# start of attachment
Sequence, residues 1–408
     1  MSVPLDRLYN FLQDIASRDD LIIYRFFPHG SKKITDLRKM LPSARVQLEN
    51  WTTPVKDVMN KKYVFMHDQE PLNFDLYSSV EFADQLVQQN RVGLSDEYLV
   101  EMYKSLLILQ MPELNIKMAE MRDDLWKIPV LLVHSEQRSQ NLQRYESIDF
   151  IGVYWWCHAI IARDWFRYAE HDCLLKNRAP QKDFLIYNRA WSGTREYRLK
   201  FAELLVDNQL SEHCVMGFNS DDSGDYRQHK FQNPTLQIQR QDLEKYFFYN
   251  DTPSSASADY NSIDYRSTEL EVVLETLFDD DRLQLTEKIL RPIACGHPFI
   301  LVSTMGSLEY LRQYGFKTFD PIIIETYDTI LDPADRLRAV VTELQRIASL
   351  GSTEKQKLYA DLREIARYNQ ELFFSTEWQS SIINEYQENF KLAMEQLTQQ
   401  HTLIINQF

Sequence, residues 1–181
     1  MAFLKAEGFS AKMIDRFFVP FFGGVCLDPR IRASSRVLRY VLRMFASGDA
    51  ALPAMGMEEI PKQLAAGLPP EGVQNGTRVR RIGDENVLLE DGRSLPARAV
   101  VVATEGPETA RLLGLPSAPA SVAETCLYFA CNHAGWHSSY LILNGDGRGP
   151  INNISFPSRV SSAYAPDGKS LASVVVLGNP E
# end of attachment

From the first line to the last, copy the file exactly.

Sequence, residues 1–408
     1  MSVPLDRLYN FLQDIASRDD LIIYRFFPHG SKKITDLRKM LPSARVQLEN
    51  WTTPVKDVMN KKYVFMHDQE PLNFDLYSSV EFADQLVQQN RVGLSDEYLV
   101  EMYKSLLILQ MPELNIKMAE MRDDLWKIPV LLVHSEQRSQ NLQRYESIDF
   151  IGVYWWCHAI IARDWFRYAE HDCLLKNRAP QKDFLIYNRA WSGTREYRLK
   201  FAELLVDNQL SEHCVMGFNS DDSGDYRQHK FQNPTLQIQR QDLEKYFFYN
   251  DTPSSASADY NSIDYRSTEL EVVLETLFDD DRLQLTEKIL RPIACGHPFI
   301  LVSTMGSLEY LRQYGFKTFD PIIIETYDTI LDPADRLRAV VTELQRIASL
   351  GSTEKQKLYA DLREIARYNQ ELFFSTEWQS SIINEYQENF KLAMEQLTQQ
   401  HTLIINQF

Sequence, residues 1–181
     1  MAFLKAEGFS AKMIDRFFVP FFGGVCLDPR IRASSRVLRY VLRMFASGDA
    51  ALPAMGMEEI PKQLAAGLPP EGVQNGTRVR RIGDENVLLE DGRSLPARAV
   101  VVATEGPETA RLLGLPSAPA SVAETCLYFA CNHAGWHSSY LILNGDGRGP
   151  INNISFPSRV SSAYAPDGKS LASVVVLGNP E